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Gastroenterology Research and Practice
Volume 2018, Article ID 4378945, 10 pages
https://doi.org/10.1155/2018/4378945
Review Article

The Comparison between Endoscopic Submucosal Dissection and Surgery in Gastric Cancer: A Systematic Review and Meta-Analysis

Department of Gastroenterology, The First Affiliated Hospital of Xi’an Jiaotong University, Xi'an, Shaanxi 710061, China

Correspondence should be addressed to Shuixiang He; moc.621@321xseh

Received 11 October 2017; Accepted 17 December 2017; Published 18 February 2018

Academic Editor: Riccardo Casadei

Copyright © 2018 Junbi Hu et al. This is an open access article distributed under the Creative Commons Attribution License, which permits unrestricted use, distribution, and reproduction in any medium, provided the original work is properly cited.

Abstract

Aims. There are two treatment modalities for early gastric cancer (EGC)—surgery and endoscopic submucosal dissection (ESD). We aimed to compare the safety and efficacy of ESD with surgery. Method. The article was performed by searching PubMed databases. Data were extracted using predefined form and odds ratios (OR) with 95% confidence intervals (CI) calculated and value. Results. 13 studies were identified. The incidence of perforation in two groups was different [OR = 6.18 (95% CI: 1.37–27.98), ]. The prevalences of synchronous and metachronous cancer in the ESD group were higher than those in the surgery group [OR = 8.52 (95% CI: 1.99–36.56), P = 0.004 and OR = 7.15 (95% CI: 2.95–17.32), ]. The recurrence and complete resection rates were different [OR = 6.93 (95% CI: 2.83–16.96), and OR = 0.32 (95% CI: 0.20–0.52), ]. Compared with the surgery group, the hospital stay was shorter [IV = −7.15 (95% CI: −9.08–5.22), ], the adverse event rate was lower, and the quality of life (QOL) was better in the ESD group. The difference of bleeding was not found. Conclusion. ESD appears to be preferable for EGC, due to a lower rate of adverse events, shorter hospital stay, cheaper cost, and higher QOL.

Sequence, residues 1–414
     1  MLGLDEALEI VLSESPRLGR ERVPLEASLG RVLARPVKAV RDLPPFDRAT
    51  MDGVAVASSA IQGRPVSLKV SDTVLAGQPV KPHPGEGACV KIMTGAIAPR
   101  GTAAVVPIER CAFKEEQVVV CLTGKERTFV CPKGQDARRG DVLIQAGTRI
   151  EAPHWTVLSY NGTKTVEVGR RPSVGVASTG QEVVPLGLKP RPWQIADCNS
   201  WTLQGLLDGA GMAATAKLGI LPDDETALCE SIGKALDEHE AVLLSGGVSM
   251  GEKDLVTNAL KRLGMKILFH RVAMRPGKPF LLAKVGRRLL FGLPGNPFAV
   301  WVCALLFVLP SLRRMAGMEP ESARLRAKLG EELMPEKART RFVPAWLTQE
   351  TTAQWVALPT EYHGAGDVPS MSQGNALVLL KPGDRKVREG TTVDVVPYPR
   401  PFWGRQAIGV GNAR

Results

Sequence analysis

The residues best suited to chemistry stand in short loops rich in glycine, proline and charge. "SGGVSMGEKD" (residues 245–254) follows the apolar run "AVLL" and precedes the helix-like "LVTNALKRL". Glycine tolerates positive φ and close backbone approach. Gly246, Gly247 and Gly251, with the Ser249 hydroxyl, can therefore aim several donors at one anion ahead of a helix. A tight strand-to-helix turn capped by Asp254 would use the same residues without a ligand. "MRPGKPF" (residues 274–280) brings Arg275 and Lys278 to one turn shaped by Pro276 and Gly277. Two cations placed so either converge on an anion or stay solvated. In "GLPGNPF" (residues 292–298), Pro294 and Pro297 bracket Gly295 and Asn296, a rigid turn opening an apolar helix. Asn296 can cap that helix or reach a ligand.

1. Introduction

Gastric cancer is the fourth most common malignancy and the second leading cause of cancer mortality worldwide [1]. The prognosis of gastric cancer is significantly depended on the early diagnosis. With the development and widespread implementation of endoscopic techniques, such as chromoendoscopy, narrowband imaging, magnifying endoscopy, and confocal microscopy, the diagnosis rates of patients with early gastric cancer (EGC) have been increasing [2]. The EGC refers to the lesion confined to the mucosa and submucosa, regardless of lymph node metastasis (LNM) [3].